Diquis Spheres (Las Bolas) Featured in
Over 300 petrospheres were excavated on the Diquís Delta and Isla del Caño in Costa Rica. The mysterious stones, called bolas de piedra, likely belong to the ancient Diquís culture. Hence they are sometimes called the Diquís Spheres. Currently, these spheres can be seen in Costa Rica's National Museum in San José and at Finca 6, the Pre-Columbian archaeological site in Costa Rica.
Artifacts of the Isthmo-Colombian area vary from a few inches to over 6 feet in diameter. The spheres are made of gabbro rock, similar to basalt. Scientists believe that the spheres were made by shaping boulders with denser rocks and then polishing them with sand. The significance of the spheres is still a mystery. Some archeologists think that they were forming lines in front of the houses of chiefs. According to another hypothesis, spheres represent solar systems or various stages of the sun or moon. The sites where the spheres were found date back to the Aguas Buenas Period (300–800 AD) and Chiriquí Period (800–1550 AD).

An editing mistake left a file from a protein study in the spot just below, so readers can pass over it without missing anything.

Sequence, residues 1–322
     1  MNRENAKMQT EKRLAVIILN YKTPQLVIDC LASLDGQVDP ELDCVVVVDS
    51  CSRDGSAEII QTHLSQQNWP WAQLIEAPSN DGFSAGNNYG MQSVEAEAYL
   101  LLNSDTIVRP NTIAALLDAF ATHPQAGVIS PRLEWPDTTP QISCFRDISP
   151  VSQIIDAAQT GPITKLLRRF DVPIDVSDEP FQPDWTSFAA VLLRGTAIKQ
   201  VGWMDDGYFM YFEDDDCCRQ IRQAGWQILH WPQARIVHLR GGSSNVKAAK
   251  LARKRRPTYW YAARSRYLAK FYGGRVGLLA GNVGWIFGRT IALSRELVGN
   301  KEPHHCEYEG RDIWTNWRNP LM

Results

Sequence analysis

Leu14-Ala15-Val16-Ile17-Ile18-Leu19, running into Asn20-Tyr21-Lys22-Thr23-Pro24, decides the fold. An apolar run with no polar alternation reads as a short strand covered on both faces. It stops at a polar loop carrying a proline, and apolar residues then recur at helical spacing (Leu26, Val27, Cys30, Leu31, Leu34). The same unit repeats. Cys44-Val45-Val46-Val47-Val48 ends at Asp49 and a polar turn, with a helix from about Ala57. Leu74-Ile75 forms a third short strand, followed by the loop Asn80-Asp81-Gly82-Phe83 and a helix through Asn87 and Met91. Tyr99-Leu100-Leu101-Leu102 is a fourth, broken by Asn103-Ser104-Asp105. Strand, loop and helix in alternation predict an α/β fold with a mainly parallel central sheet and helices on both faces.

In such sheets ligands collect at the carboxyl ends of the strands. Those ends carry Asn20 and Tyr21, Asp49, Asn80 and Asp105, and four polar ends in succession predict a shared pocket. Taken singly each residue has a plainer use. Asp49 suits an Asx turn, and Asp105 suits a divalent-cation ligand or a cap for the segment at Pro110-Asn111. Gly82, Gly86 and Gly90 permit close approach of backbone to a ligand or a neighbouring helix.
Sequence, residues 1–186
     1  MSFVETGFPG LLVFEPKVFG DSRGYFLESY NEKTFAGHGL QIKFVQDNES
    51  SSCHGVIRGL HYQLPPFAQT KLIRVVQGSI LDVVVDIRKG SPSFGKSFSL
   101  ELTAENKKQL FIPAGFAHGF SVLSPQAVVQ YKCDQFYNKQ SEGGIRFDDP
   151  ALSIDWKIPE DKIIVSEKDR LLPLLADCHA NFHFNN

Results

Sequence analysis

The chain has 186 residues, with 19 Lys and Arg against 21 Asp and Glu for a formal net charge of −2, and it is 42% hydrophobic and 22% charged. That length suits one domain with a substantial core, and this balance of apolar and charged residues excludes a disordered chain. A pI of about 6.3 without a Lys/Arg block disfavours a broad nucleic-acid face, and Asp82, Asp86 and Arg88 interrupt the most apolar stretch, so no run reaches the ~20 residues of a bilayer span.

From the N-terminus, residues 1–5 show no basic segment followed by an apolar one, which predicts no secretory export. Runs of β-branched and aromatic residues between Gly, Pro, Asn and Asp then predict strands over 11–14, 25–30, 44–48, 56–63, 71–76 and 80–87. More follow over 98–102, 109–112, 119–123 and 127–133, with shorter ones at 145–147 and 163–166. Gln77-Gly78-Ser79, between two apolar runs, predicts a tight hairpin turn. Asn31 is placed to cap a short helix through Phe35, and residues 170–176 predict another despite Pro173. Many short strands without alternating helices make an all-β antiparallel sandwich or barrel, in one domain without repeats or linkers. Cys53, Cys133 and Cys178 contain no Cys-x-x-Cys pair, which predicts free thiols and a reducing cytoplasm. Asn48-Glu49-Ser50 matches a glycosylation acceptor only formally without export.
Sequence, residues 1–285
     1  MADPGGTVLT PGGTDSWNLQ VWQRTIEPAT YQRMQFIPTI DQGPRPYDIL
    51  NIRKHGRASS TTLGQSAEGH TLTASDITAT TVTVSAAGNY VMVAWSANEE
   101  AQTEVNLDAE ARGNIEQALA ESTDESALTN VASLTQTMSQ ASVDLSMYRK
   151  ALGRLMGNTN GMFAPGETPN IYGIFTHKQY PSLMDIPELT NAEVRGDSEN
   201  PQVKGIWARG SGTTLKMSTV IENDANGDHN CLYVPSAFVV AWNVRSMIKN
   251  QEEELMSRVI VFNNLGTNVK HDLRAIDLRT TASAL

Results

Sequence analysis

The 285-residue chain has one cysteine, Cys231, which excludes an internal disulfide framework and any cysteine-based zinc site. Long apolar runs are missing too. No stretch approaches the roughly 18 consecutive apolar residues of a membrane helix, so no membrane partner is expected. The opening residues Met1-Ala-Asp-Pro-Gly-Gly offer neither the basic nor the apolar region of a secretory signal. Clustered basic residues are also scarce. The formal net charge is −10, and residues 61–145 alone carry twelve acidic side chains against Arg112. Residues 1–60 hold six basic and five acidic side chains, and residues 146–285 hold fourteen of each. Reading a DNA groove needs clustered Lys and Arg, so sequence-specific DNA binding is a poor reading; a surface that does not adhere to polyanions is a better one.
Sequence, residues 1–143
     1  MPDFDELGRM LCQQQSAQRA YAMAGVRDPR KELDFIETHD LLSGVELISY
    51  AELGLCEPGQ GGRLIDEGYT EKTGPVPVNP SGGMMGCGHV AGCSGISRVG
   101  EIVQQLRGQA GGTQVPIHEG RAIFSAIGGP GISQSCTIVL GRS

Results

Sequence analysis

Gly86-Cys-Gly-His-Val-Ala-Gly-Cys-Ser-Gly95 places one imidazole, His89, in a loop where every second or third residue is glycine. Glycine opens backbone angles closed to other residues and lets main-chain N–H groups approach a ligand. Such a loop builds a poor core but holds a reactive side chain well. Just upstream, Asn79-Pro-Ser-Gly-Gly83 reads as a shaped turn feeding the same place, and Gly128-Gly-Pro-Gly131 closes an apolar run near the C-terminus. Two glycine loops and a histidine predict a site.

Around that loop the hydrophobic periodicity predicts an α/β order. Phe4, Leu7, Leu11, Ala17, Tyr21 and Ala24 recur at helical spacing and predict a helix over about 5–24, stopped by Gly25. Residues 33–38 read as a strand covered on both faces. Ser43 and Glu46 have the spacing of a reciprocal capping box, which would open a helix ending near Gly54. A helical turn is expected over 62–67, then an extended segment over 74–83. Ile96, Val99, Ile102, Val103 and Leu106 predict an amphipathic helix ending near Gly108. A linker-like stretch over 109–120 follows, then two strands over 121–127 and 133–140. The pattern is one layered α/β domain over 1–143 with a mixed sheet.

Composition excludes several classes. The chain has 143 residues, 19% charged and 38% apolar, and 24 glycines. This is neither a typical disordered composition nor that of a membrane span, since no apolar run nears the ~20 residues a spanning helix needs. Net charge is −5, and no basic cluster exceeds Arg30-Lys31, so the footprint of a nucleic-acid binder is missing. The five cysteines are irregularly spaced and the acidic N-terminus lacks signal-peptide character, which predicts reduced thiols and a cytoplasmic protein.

The Diquis Delta, located in southern Costa Rican province of Puntarenas, hosts several excavations sites, known as Palmar Sur Archeological Excavations. Finca 6 (Farm 6) was a settlement featuring a cemetery, sculptures and architecture. In 2014, the Precolumbian Chiefdom Settlements with Stone Spheres of the Diquís was included in the UNESCO list of World Heritage Sites.[